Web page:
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Despite the initial shock to the housing market from the severe lockdown and further uncertainties surrounding the pandemic, the market for residential property – across all price bands – has proven to be one of the country’s more resilient sectors, believes Pam Golding Properties chief executive Dr Andrew Golding

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Despite the initial shock to the housing market from the severe lockdown and further uncertainties surrounding the pandemic, the market for residential property – across all price bands – has proven to be one of the country’s more resilient sectors, believes Pam Golding Properties chief executive Dr Andrew Golding

The aggressive interest rate cuts to near 50-year lows and resultant improved affordability, particularly for first-time buyers and renters, and the change in priorities as a result of the lockdown catalysed a wave of demand in the market which surprised on the upside.

Long-term effects

While we cannot know what the long-term effects of the pandemic and associated lockdown will ultimately have on the property market, with the impact of the pandemic far from over, continued changes in the way we live and work can be expected to continue to evolve – with important consequences for the residential property market. The most fundamental change has undoubtedly been the shift to universal remote working. As time passes and, in places, a growing percentage of the population is vaccinated, there is an increasing focus on trying to figure out how we will work in future. Many employers are looking to influence how and where their employees work while reassessing their office space requirements. With the business environment remaining uncertain, this process is likely to play out over the long term – with major structural consequences for the very fabric of our business hubs.

What we know at the very least is that demand for office space is likely to be reduced and that at least some of that space will be repurposed to residential accommodation. This means that there is likely to be an increase in new residential stock in some hubs. In the case of SA, a significant portion of housing demand comes from first-time buyers, as a large proportion of the population are young and not yet in the formal housing market. This suggests a possible proliferation of more affordable, mixed-use developments close to public transport and business hubs may well be a key growth sector in the future.

Semigration

In SA, the semigration trend of homeowners to the so-called zoom towns is well documented, with small, often coastal towns, and peripheral suburbs with amenities and healthy municipalities, experiencing a net influx of new residents attracted by the appealing lifestyle and relative affordability of homes in these areas. However, in the US – which is seemingly approaching a level of herd immunity – some of those who had relocated to the country are starting to show the first signs of returning to the cities. It is possible that while some will find that they miss their networks of family and friends and the previous lifestyles, they may well opt to return home once they have learnt to live within the new parameters created by the pandemic.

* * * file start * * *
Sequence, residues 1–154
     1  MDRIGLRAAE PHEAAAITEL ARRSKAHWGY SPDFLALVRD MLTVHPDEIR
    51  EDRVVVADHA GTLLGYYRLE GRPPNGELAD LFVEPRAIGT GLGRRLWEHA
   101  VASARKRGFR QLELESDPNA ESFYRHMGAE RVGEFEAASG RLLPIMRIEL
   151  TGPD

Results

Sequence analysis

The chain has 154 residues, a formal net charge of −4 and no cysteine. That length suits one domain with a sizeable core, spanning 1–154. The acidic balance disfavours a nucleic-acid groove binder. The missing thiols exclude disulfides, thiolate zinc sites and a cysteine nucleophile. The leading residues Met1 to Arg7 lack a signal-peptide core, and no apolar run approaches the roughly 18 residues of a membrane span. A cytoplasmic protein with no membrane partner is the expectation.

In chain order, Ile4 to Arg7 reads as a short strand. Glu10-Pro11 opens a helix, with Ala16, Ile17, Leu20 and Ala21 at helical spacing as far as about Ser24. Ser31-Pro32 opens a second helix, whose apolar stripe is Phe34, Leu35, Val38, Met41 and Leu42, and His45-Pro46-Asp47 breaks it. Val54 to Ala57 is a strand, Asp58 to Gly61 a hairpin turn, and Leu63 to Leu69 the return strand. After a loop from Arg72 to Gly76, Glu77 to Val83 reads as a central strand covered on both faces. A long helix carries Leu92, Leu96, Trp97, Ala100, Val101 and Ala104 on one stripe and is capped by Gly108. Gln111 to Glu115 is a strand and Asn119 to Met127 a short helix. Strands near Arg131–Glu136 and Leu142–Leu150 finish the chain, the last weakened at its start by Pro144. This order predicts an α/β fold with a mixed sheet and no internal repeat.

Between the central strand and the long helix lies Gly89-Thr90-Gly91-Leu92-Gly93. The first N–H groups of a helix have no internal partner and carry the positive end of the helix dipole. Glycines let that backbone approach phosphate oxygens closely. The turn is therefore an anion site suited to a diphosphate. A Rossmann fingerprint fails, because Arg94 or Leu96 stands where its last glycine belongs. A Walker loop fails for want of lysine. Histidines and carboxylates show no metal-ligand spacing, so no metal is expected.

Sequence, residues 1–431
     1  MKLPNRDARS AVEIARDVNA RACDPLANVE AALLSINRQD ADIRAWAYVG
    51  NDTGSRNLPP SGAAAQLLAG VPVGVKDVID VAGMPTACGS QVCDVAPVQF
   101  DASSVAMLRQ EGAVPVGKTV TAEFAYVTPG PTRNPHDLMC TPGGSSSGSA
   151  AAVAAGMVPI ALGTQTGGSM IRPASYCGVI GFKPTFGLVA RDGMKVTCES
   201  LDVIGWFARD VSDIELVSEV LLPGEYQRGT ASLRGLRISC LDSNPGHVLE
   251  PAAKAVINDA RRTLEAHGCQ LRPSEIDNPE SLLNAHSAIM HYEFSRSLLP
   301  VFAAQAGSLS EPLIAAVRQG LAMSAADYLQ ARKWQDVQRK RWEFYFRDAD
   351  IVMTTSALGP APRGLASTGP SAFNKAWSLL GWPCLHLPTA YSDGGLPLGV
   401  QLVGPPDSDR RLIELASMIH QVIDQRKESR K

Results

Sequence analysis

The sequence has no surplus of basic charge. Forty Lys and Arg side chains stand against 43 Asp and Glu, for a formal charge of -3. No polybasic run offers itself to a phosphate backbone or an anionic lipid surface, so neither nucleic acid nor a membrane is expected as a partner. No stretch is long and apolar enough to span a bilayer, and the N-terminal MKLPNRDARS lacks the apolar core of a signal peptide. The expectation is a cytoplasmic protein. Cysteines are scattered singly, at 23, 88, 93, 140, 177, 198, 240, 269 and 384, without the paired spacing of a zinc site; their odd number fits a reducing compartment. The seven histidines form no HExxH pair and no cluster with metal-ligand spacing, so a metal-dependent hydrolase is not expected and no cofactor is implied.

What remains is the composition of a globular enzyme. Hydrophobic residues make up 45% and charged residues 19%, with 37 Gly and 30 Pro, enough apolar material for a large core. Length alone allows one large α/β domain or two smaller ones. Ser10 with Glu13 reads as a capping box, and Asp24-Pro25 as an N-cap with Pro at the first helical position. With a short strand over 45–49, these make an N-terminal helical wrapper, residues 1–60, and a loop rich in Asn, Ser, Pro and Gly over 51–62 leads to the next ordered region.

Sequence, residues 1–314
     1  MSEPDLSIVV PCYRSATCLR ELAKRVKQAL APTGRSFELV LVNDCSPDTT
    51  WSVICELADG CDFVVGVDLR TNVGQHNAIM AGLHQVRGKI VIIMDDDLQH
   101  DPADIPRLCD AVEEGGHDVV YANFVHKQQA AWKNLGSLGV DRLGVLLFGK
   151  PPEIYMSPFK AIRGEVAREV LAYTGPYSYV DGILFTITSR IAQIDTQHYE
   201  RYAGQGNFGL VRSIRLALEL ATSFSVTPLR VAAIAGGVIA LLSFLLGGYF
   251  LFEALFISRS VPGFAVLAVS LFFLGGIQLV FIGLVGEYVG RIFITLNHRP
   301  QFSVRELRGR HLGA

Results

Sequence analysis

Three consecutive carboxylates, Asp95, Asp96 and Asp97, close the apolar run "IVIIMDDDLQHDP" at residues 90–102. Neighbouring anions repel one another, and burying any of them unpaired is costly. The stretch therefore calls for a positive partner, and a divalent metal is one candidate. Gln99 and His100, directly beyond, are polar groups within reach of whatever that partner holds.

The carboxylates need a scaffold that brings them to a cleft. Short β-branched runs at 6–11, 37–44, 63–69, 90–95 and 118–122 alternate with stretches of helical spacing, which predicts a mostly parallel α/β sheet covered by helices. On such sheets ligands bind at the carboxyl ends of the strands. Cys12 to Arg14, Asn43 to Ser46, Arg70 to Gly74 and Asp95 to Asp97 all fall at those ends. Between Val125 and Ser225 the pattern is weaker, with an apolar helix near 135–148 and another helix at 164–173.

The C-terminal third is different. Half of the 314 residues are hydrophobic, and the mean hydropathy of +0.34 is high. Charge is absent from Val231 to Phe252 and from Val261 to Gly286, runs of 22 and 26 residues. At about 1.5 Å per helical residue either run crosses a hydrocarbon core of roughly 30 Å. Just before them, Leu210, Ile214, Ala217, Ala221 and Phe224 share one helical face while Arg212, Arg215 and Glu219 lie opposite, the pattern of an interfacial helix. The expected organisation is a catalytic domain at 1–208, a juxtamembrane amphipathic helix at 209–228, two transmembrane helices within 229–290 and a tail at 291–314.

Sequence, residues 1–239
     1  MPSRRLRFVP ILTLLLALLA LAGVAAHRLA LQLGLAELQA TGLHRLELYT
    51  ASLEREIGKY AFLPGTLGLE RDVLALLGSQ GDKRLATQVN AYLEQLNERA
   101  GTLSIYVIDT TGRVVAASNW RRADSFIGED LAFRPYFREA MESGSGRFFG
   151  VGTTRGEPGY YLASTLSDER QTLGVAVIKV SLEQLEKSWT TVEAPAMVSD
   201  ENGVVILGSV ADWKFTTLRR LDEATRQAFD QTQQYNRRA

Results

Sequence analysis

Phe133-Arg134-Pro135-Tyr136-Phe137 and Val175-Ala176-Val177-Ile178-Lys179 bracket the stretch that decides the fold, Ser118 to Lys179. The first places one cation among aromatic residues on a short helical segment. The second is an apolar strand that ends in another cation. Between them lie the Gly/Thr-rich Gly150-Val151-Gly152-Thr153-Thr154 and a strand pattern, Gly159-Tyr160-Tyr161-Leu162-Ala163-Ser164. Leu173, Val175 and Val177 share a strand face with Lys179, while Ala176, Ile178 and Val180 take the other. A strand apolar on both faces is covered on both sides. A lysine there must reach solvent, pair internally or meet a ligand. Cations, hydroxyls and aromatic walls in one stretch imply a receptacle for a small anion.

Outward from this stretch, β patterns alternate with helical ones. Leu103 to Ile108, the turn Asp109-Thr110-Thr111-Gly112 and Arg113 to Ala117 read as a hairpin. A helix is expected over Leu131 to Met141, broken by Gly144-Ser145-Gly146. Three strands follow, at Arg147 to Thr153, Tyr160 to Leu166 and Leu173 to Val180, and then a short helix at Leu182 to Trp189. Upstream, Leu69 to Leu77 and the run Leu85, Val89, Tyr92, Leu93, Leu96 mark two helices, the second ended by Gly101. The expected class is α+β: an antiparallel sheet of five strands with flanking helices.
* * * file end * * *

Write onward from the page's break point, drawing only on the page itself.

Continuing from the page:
It is also possible that this may not occur to the same degree in SA as the transactional costs of buying and selling are relatively high. Given that the pandemic may well remain with us for some time, it appears likely that we will adopt a more flexible approach to living. For property developers this would suggest a stronger focus on mixed-use developments, which allow a property to be used in many different ways and provide a range of amenities and functions to residents and tenants in these uncertain times.

Dr Andrew Golding, chief executive of the Pam Golding Property group

Climate change

In addition to the pandemic, there is also a growing acceptance of the importance of climate change and the need to move to a net zero carbon environment. Given that SA has such a young population, the awareness and willingness to embrace a sustainable lifestyle, and the extent to which cost considerations make self-sufficiency and reduced dependency on government-supplied electricity and water, all suggest that the shift to sustainable, green building and lifestyles is likely to rapidly gather momentum. While there is often a focus on different generations and their varying values and needs, it is also important to remember that there are still life cycle similarities and that young adults or first-time buyers are likely to favour a small lock-up- and-go in a business hub, while a young family may be more likely to consider moving to a zoom town.

Homeowners who are downscaling could go the route of a well-located sectional title or a small freehold in an estate – such as the retirement component of an estate, or in a small town. These life stages will dictate different housing requirements regardless of the pandemic because if you can live and work anywhere, it makes sense to live somewhere that suits your particular needs, Covid-19 notwithstanding. That said, SA’s property market is currently underpinned by first-time buyers wanting security, convenience, affordability and buzz, suggesting that micro-apartments in business hubs will retain their appeal. While it remains to be seen how the country’s economic recovery gains traction, we believe that solid fundamentals remain in place for ongoing investment in the residential property market.

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